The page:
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L.A. Noire

LA Noire

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Review If you were expecting Grand Theft Auto or Red Dead Redemption dressed in police uniform, then I'm sorry to disappoint you. LA Noire is far removed from its Rockstar stablemates. Sure, it bears all the hallmarks of gaming's master craftsman: the peerless synergy of narrative, art direction and game design, the unabashed depiction of crime and the criminal underworld and, of course, a repugnant legion of degenerates and sociopaths. But LA Noire is an entirely different game.

L.A. Noire

Don't make me call you a schmuck

As the title implies, this is the hardboiled crime detective fiction introduced by pulp writers like Hammett and Chandler and popularised on the silver screen in film noir. Set in 1940's Los Angeles, you play as Cole Phelps, a WWII-hero turned cop who's as honest as the city is corrupt. Your job is to solve crimes and rise through the ranks from uniformed patrolman to detective on the traffic, homicide, vice and arson desks.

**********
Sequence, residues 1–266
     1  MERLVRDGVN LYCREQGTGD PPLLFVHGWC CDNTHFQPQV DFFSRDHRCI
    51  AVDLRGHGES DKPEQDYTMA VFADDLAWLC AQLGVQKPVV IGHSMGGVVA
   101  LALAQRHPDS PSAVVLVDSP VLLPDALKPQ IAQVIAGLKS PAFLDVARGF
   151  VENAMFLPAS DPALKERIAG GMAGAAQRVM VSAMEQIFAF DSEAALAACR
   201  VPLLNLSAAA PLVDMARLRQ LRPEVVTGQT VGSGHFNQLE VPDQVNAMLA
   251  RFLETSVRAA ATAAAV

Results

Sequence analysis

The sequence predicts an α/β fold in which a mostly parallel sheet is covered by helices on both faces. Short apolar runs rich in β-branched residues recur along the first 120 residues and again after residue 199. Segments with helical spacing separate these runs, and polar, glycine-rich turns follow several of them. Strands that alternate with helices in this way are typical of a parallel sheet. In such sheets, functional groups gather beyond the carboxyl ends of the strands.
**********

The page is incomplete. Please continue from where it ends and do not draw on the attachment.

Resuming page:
Focusing firmly on detective work, LA Noire's pace is markedly slower than GTA and Red Dead. There's still plenty of action in the form of shootouts and pursuits, and even fist fights, but they take a backseat here, as action interludes to the mainstay of meticulous investigation.

L.A. Noire

A heavy hit on the pipe?

Each case begins with a crime scene. You need to search the area and any victims for clues, including the many red herrings. It's a task simplified by soft piano plinks denoting their proximity and a musical crescendo signifying all clues have been discovered. The real challenge is not sorting between the red herrings and clues – the game does that for you – but knowing which clues to call upon when questioning witnesses and suspects.

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Next page: Give 'em a grillin'

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